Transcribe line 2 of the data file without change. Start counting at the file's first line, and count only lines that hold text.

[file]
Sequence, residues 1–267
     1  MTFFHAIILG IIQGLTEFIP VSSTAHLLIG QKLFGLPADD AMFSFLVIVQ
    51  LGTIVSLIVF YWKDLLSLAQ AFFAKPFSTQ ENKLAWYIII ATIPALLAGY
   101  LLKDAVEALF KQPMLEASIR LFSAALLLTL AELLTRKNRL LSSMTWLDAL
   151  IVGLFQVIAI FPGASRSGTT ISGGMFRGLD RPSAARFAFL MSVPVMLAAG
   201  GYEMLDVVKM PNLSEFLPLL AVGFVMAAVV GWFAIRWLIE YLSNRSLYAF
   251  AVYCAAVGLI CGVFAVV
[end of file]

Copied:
     1  MTFFHAIILG IIQGLTEFIP VSSTAHLLIG QKLFGLPADD AMFSFLVIVQ